Early Childhood Education
New Zealand's National Party spokesman on education, Dr Lockwood Smith,recently visited the US and Britain. Here he reports on the findings of his tripand what they could mean for New Zealand's education policy
`Education To Be More' was published last August. It was the report of the New Zealand Government's Early Childhood Care and Education Working Group. The report argued for enhanced equity of access and better funding for childcare and early childhood education institutions. Unquestionably, that's a real need; but since parents don't normally send children to pre-schools until the age of three, are we missing out on the most important years of all?
A 13-year study of early childhood development at Harvard University has shown that, by the age of three, most children have the potential to understand about 1000 words—most of the language they will use in ordinary conversation for the rest of their lives.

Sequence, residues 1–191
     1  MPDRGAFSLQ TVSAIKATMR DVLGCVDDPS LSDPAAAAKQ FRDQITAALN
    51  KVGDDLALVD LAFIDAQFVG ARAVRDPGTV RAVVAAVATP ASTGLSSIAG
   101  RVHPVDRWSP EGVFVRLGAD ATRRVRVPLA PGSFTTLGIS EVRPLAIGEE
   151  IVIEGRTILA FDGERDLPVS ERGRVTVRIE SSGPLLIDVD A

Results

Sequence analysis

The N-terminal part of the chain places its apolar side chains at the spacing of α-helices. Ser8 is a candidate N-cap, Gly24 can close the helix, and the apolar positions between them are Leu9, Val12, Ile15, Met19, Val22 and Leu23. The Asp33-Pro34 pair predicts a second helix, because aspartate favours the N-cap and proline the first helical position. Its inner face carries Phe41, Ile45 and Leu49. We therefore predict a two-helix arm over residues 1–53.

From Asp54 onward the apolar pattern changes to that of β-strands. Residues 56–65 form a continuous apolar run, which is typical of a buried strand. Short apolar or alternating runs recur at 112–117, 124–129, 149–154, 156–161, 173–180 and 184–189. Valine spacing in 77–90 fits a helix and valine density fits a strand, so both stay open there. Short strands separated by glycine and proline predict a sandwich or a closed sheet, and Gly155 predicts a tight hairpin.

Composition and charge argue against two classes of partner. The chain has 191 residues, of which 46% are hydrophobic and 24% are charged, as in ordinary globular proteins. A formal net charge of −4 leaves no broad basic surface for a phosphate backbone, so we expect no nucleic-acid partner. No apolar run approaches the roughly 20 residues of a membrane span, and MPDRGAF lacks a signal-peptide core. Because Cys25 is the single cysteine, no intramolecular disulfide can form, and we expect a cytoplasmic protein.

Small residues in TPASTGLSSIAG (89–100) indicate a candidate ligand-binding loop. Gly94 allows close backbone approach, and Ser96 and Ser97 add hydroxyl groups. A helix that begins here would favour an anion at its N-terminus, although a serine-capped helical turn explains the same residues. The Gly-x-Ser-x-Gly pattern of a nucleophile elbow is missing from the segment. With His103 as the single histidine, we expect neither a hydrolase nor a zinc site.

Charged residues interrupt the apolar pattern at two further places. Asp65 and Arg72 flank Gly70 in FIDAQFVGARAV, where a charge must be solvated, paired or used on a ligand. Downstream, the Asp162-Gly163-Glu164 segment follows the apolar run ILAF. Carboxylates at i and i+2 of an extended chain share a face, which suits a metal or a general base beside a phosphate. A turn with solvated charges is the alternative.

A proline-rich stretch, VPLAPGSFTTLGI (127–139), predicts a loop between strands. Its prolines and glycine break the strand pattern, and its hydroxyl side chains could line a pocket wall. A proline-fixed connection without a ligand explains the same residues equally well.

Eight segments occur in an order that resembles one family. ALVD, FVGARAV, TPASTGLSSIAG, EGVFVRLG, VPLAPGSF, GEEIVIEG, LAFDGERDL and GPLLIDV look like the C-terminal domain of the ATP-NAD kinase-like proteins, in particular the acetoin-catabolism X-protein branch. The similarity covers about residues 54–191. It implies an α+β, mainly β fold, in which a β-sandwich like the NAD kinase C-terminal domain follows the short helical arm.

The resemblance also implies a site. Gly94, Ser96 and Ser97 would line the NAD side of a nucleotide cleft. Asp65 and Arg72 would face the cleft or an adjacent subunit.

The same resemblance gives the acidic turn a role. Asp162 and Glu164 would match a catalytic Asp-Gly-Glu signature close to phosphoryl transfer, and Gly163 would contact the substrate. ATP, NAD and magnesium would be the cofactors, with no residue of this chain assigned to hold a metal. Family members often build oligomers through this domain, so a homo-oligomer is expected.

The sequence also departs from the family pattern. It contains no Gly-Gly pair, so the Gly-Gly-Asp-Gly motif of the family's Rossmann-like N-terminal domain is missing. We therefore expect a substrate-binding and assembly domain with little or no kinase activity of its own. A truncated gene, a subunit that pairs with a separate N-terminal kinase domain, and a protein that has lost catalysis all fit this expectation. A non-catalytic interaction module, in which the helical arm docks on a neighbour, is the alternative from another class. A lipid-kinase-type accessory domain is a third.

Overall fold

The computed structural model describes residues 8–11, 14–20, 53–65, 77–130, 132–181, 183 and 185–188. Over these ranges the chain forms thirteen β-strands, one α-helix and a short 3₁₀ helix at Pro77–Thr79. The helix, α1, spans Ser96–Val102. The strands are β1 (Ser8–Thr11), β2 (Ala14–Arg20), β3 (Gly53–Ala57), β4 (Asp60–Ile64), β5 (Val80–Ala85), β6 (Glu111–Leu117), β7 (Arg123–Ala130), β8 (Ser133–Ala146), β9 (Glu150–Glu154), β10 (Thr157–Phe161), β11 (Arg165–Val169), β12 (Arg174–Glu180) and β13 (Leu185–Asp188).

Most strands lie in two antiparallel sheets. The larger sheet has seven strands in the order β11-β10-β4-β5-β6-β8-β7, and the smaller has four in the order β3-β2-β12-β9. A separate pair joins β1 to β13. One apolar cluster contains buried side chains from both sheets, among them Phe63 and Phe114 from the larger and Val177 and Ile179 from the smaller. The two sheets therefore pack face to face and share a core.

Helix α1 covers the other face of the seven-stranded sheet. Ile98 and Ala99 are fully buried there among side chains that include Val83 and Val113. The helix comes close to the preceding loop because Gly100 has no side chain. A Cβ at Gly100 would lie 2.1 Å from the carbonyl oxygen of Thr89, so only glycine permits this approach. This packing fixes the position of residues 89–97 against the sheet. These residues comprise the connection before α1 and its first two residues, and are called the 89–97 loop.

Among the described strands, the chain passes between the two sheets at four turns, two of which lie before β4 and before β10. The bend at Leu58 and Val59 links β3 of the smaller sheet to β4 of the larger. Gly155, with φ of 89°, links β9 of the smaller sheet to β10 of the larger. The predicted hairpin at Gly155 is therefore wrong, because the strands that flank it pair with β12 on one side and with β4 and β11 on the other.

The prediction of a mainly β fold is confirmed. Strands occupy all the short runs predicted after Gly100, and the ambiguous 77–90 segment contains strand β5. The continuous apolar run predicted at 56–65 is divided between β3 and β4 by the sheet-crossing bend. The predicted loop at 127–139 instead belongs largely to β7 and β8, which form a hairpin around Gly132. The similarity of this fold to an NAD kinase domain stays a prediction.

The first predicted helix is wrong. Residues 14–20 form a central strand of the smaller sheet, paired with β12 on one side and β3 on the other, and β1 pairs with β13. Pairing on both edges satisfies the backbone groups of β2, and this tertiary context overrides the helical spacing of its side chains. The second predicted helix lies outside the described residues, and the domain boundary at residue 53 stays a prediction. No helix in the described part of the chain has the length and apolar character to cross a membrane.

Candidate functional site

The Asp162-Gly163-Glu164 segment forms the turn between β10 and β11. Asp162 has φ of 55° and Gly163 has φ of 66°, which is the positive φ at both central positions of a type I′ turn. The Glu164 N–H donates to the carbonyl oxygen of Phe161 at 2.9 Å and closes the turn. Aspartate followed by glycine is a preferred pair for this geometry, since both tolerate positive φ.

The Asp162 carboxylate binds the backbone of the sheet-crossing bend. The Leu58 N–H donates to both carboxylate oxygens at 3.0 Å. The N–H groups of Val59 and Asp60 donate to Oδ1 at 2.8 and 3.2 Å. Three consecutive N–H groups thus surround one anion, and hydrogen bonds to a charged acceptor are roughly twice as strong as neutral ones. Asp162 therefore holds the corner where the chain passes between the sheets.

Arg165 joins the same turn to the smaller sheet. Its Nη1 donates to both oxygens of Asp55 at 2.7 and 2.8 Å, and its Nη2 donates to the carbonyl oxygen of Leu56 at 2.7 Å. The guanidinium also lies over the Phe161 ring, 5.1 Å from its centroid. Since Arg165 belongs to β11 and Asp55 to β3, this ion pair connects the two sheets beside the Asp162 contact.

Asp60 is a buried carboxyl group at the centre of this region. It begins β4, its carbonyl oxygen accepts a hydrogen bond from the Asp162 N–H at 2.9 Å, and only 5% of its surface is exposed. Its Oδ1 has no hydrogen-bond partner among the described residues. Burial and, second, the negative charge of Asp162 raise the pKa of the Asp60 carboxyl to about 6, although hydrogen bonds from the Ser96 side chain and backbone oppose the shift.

Furthermore, research has shown that while every child is born with a natural curiosity, it can be suppressed dramatically during the second and third years of life. Researchers claim that the human personally is formed during the first two years of life, and during the first three years children learn the basic skills they will use in all their later learning both at home and at school. Once over the age of three, children continue to expand on existing knowledge of the world.
It is generally acknowledged that young people from poorer socio-economic backgrounds tend to do less well in our education system. That's observed not just in New Zealand, but also in Australia, Britain and America. In an attempt to overcome that educational under-achievement, a nationwide programme called 'Headstart' was launched in the United States in 1965. A lot of money was poured into it. It took children into pre-school institutions at the age of three and was supp